The onshore cable will connect to the subsea cable just a few miles east of downtown Nome.
Michels will coordinate between Quintillion, the City of Nome, and NJUS as the telecom company works to bring high-speed internet to western Alaska.
Quintillion Starts Construction in Nome, Still on Schedule to Deliver High-Speed Internet in Early 2017
Construction crews began work on Tobuk Alley two weeks ago. They’ll move throughout Nome over the next three months.
This summer, Quintillion will lay undersea fiber optic cable from Prudhoe Bay to Nome. The project will bring high-speed internet to western Alaska by 2017.
Quintillion’s CEO is in Nome Thursday night to share more construction details with the public.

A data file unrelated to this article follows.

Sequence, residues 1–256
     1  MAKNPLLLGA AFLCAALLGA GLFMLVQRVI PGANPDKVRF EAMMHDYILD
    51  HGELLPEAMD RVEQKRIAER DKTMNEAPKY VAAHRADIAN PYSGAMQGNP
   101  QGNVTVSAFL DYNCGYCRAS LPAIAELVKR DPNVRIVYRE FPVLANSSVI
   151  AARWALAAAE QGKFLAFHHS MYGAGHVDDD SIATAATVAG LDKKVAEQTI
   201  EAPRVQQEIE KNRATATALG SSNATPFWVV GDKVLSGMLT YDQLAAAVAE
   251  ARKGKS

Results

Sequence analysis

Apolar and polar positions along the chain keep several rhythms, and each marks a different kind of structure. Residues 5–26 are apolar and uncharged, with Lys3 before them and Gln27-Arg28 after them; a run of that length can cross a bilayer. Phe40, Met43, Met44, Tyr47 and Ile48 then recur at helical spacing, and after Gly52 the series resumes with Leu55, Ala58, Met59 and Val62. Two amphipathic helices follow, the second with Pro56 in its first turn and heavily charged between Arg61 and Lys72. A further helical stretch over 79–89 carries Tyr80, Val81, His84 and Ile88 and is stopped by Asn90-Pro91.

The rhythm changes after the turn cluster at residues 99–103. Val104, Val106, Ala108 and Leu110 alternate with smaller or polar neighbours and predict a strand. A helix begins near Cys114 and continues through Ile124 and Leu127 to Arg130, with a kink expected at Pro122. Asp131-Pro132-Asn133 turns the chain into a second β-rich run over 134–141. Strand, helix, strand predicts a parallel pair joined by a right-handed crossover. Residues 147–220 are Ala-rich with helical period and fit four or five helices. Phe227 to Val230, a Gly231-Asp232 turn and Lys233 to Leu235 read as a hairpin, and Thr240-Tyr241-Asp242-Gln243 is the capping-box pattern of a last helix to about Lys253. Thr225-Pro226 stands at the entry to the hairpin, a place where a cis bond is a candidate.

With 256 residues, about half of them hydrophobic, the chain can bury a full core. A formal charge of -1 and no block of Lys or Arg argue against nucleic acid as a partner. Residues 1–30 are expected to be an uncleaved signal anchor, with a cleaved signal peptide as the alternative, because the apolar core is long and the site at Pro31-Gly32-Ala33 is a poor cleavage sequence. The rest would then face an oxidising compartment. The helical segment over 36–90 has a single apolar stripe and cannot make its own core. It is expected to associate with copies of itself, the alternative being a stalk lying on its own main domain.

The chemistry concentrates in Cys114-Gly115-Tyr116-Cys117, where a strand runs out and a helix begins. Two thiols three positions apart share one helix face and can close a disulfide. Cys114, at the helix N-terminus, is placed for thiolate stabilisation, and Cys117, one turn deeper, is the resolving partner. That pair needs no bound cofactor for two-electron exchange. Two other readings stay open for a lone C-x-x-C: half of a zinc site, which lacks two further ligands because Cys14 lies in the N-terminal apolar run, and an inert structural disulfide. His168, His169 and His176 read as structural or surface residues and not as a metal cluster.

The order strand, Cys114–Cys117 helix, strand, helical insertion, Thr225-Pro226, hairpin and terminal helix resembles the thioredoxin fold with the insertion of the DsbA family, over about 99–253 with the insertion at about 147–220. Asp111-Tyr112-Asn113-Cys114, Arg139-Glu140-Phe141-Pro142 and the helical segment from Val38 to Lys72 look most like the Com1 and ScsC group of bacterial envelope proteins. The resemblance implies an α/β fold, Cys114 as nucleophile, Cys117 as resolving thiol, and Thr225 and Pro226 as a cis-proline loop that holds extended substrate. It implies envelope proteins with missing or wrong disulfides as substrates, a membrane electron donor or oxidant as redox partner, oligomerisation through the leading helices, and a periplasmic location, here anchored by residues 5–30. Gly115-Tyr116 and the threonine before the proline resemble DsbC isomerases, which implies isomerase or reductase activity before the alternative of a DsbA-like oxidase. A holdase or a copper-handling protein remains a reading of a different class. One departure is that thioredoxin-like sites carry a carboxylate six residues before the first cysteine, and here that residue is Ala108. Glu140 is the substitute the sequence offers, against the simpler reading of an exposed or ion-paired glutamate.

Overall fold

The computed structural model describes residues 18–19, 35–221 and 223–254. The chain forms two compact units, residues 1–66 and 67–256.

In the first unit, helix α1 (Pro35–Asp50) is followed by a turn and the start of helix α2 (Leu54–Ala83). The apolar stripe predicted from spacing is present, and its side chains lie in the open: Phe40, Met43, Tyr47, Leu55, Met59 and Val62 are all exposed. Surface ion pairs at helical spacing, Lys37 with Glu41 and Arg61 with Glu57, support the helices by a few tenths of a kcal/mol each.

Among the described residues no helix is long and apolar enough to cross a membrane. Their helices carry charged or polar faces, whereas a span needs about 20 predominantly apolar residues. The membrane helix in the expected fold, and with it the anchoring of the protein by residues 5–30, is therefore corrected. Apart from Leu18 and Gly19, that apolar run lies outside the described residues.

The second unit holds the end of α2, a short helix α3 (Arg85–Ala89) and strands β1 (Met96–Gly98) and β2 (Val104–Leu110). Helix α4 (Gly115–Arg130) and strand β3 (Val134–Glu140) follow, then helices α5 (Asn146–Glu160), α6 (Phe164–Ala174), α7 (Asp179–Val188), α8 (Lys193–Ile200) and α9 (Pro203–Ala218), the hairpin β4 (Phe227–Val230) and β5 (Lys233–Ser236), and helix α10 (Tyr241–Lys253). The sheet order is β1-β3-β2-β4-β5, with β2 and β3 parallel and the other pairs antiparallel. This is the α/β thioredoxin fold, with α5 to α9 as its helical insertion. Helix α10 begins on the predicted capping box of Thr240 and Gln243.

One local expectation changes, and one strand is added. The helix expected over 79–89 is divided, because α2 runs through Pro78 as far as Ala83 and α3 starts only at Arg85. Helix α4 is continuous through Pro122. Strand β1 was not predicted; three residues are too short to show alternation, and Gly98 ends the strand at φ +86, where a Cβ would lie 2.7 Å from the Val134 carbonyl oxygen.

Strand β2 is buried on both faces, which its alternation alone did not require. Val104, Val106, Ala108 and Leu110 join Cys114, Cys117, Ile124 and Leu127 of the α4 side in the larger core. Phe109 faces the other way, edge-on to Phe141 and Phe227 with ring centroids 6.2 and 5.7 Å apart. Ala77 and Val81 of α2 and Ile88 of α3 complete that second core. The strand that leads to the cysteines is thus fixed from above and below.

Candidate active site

Berkeley has worked for Nome Public Schools for 12 years — five as a teacher and seven as an administrator. He’s currently the district’s director of federal programs.
Sen. Lisa Murkowski addressed more than port development last week. One of the biggest topics was Unalakleet’s water crisis.
The Nome Joint Utility Board dove into discussions of upcoming city projects and alternative energy sources at their most recent monthly meeting.
As of Friday, backup phone lines and power systems were in use, but internet connections and other instruments at the Weather Service and FAA were not fully operational.
Canada’s Arctic Fibre is building the fiber backbone, while Anchorage-based Quintillion Networks will link the fiber optic pipeline to local telecoms in Nome and elsewhere.